Prior to inoculation, samples were also collected NAR , kindly provided by G. Palmateer Žformerly from the top 5 cm of soil at three different locations at at Ontario Ministry of Environment Southwestern Lab- each site to determine the background concentration of oratory, London, ON, Canada. Laboratory studies by indigenous nalidixic acid-resistant E. coli cells prior to 1992 confirmed the suitability of using this inoculation. From each of these samples, 10 g of soil tracer bacterium as an indicator of the soil transport were placed in a graduated cylinder and distilled water characteristics of naturally occurring bacteria under was poured into the cylinder until 100-mL volume was various testing conditions. This strain has also been reached. The graduated cylinders were shaken vigor- ously, then 1-mL samples were removed for enumera- studies ŽJoy et al., 1998; Palmateer et al., 1989; Shad- tion of nalidixic acid-resistant E. coli cells as described earlier. No background nalidixic acid-resistant E. coli E. coli NAR was grown by adding a loopful of cells cells were detected in any of these samples.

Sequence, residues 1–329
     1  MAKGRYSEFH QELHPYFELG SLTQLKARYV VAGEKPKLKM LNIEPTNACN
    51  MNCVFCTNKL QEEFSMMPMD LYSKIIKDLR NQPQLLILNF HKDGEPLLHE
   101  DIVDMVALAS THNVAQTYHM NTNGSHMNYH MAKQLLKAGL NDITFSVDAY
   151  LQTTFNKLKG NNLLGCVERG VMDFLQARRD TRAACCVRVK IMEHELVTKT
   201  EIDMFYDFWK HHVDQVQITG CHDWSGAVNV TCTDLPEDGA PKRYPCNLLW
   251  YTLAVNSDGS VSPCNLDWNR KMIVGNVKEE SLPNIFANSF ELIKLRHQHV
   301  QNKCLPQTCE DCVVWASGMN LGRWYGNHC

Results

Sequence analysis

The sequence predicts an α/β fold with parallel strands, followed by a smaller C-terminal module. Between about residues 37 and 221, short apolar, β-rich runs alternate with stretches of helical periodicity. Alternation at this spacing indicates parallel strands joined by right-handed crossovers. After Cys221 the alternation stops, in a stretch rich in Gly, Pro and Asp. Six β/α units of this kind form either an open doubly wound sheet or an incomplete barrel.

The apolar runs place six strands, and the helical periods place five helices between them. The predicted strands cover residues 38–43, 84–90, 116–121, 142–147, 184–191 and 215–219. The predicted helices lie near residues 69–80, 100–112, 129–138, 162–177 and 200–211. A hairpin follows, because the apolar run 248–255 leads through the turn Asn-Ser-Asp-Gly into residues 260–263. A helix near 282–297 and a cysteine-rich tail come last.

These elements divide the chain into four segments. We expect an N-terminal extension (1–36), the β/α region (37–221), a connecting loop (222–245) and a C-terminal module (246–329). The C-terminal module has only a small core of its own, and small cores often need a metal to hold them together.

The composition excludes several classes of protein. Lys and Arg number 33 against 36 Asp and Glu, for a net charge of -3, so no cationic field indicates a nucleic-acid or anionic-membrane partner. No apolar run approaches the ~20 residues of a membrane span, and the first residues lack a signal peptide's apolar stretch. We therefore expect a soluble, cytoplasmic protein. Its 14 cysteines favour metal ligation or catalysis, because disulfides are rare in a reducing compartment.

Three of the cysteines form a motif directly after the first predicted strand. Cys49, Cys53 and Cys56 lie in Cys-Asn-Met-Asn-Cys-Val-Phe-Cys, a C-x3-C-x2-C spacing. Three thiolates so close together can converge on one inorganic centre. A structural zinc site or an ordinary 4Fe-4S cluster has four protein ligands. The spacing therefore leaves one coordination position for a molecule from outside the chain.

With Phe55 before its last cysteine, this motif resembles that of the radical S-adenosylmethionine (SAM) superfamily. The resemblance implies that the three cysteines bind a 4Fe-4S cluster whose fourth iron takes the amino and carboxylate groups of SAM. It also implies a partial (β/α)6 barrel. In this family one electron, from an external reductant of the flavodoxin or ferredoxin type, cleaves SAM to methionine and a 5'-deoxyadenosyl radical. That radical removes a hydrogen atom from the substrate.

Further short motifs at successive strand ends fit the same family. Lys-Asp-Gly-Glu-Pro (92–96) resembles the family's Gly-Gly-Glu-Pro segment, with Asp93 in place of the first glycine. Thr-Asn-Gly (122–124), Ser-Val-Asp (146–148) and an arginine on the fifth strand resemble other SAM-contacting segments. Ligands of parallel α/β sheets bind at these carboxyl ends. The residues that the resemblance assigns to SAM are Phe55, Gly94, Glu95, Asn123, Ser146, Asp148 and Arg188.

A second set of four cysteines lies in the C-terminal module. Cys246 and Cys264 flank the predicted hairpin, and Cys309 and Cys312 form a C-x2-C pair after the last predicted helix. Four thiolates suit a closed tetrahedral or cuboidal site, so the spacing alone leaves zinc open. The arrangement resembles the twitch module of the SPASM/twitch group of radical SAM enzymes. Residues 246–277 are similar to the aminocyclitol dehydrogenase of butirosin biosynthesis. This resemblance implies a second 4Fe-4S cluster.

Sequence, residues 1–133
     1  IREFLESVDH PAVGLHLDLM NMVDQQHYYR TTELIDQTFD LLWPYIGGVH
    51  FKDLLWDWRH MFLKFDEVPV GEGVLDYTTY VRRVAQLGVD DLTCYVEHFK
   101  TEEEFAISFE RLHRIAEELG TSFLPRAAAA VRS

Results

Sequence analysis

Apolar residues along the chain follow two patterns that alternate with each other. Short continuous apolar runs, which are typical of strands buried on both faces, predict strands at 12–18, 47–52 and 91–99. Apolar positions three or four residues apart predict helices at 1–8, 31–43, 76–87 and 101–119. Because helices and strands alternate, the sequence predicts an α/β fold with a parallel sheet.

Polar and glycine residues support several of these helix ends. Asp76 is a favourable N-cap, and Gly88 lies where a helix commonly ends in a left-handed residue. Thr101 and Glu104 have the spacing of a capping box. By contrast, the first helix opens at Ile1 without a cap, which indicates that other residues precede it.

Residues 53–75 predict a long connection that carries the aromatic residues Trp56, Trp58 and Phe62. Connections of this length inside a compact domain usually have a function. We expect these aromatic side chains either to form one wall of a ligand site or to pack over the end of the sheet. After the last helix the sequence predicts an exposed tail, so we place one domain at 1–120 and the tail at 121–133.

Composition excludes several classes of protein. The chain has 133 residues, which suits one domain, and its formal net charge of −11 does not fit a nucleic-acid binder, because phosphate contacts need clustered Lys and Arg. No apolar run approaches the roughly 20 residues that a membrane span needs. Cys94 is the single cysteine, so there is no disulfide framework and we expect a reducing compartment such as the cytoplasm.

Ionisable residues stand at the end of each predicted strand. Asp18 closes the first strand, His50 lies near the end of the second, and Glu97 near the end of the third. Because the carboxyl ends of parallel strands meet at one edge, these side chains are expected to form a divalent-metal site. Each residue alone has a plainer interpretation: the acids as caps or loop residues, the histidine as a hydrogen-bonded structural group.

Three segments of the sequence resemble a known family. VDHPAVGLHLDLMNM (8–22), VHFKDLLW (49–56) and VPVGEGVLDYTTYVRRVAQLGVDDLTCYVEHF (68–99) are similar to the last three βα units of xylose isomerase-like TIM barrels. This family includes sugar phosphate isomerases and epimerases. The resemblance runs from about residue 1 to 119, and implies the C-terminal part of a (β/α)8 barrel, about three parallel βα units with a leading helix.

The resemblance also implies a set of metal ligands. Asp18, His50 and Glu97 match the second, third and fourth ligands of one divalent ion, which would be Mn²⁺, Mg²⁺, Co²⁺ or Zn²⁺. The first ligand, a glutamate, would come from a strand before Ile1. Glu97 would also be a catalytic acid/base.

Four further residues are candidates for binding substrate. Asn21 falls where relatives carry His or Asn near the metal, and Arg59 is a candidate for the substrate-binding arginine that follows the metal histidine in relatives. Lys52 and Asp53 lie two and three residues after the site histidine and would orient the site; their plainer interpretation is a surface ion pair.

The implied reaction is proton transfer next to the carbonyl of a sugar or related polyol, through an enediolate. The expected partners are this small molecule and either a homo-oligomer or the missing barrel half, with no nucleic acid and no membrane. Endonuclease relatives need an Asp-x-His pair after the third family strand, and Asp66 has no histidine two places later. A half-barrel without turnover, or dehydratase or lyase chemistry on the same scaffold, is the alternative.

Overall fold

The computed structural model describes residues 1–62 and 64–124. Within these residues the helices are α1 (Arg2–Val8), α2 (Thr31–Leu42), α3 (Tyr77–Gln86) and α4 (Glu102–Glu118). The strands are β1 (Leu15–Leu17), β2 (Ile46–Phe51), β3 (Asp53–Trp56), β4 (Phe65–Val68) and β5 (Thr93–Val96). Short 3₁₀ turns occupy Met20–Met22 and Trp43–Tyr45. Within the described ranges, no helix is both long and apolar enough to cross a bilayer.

from a plate culture to a 125-mL Erlenmeyer flask For runoff sample collection, 1-L plastic bottles per- containing 25-mL tryptic soy broth ŽTSB, Difco Labo- forated at the top were inserted into the ground. Care was taken to keep the perforations at the soil surface 17᎐19 h with gyratory shaking at 200 rpm. The cells open to intercept runoff. The bottles were laid at 5-m were harvested by centrifugation at 5000 =g for 20 intervals along the center line of each site. Two ditches min. Cells were washed twice with 0.1 M phosphate along the down slope, each 1 m long and 3 cm deep, buffer, pH 7.5, and resuspended in a phosphate buffer.
were dug near each bottle in a V-shaped pattern as BACTERIA TRANSPORT IN RUNOFF
was recorded in 24 h. The second rain event occurred15 days after inoculation, and resulted in 21 mm ofprecipitation in 24 h. After each of the two rain events,samples from the soil surface Žtop 5 c .
each bottle were collected. Runoff samples were alsocollected from the water retained in the bottles. Allplastic bottles were replaced with new ones after eachrain storm. Soil and runoff samples were analyzed forbiotracer concentration as described earlier.